After the Riots, What’s Next for Northern Ireland?

Northern Ireland this month endured some of its worst violence in years, with over 70 police officers injured in rioting in mainly pro-British, loyalist areas. In scenes reminiscent of the so-called Troubles, the decades of strife which killed 3,500 people, gangs torched a hijacked bus, petrol bombs were hurled and police blasted protesters with water cannon.

Who was rioting?

Most, though not all, the rioting took place in loyalist areas. In 1921, Ireland was split in two -- giving rise to Northern Ireland as part of the U.K., and to what would become the independent Republic of Ireland. Very broadly, Northern Ireland is split between nationalists, who ultimately want the island to be reunited, and unionists and loyalists, who want the region to remain part of the U.K.

What’s driving the violence?

A wide mix of issues. However, at the heart of the discontent is a sense of betrayal over Brexit, and a wider concern that the region’s ties with Britain are fraying.

As part of the Brexit deal, Northern Ireland effectively stayed in the European Union’s customs area and much of the single market, while the rest of the U.K. exited. That fomented anger among loyalists as British, just like London or Manchester.

That discontent has been amplified by other factors. For example, authorities declined to prosecute prominent nationalist leaders for breaching Covid rules. There may also have been an element of what’s described as recreational rioting - teenagers seeking excitement, leaving them vulnerable to manipulation by others with a political agenda.

Who’s behind it?

Importantly, there’s no evidence of orchestrated paramilitary involvement at this point, police say. While armed loyalists have dropped their support for the Good Friday Agreement, the 1998 peace deal which drew a line under the Troubles, they aren’t advocating for a return to violence. Most of the rioting appeared to be driven by relatively disorganized teenage gangs.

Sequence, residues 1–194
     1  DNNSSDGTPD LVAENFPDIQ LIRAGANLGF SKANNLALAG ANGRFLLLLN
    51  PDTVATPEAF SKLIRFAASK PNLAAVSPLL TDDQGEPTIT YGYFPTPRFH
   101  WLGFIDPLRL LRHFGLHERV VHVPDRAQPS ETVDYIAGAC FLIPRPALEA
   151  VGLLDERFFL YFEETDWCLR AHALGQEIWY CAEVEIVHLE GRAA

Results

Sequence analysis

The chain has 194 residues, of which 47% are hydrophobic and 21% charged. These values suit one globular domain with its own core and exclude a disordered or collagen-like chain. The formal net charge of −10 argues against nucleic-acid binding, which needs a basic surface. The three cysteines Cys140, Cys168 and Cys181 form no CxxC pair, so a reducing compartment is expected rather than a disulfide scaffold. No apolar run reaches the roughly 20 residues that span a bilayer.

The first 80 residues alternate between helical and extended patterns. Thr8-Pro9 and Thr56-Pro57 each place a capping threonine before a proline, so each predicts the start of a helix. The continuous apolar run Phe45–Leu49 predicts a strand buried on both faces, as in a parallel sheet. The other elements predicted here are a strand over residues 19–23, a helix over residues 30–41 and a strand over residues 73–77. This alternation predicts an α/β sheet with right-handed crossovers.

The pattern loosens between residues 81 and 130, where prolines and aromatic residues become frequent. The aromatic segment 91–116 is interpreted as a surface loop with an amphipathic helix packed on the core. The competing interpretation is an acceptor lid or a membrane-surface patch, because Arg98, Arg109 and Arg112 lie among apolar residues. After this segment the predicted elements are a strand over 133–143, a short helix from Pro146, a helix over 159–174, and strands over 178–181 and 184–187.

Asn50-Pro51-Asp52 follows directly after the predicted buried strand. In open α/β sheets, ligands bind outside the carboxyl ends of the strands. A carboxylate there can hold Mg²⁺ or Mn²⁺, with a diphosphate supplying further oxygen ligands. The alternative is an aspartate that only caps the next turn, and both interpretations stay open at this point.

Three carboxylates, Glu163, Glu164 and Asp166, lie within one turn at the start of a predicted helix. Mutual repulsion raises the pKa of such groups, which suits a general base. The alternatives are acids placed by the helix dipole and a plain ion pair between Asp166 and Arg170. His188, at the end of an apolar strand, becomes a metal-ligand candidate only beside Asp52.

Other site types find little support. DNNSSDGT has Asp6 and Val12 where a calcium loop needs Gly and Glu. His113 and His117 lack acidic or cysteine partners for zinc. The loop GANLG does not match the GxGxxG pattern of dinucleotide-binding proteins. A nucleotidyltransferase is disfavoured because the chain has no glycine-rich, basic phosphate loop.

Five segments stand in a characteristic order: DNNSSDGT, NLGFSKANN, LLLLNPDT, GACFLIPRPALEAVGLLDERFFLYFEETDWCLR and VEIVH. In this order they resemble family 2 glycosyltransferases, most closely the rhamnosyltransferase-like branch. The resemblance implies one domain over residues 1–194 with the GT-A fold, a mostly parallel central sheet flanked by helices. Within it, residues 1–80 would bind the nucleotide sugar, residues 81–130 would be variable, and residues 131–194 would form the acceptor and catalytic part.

Is more trouble ahead?

Events in Northern Ireland always risk spiraling out of control. In 2013, for example, a decision by Belfast city hall to stop flying the British flag fueled unrest that was then amplified by the annual marches of Protestant groups. That in turned triggered the worst sectarian violence since the 1990s, paralyzing the city for much of that summer.

With vaccines being rolled out across Northern Ireland, social distancing rules melting away and the Brexit deal which placed a border in the Irish Sea unlikely to be axed, it’s possible that a long hot summer of unrest is ahead.


Virtually no political observer expects violence to erupt again on a scale seen in the 1970s and 1980s. Loyalist armed groups seem to have little capacity or, at this point, desire to ignite a wider conflagration.

On the nationalist side, dissident groups opposed to the peace process have gained little traction. Sinn Fein, the erstwhile political wing of the IRA, is more focused on securing power in the south and a vote on uniting Ireland than sparking an armed conflict.

More broadly, the EU and U.K. are seeking to defuse the tension over the so-called protocol, making it more acceptable to loyalists. Whether that will be enough to avoid more skirmishes remains to be seen.

©2021 Bloomberg L.P.

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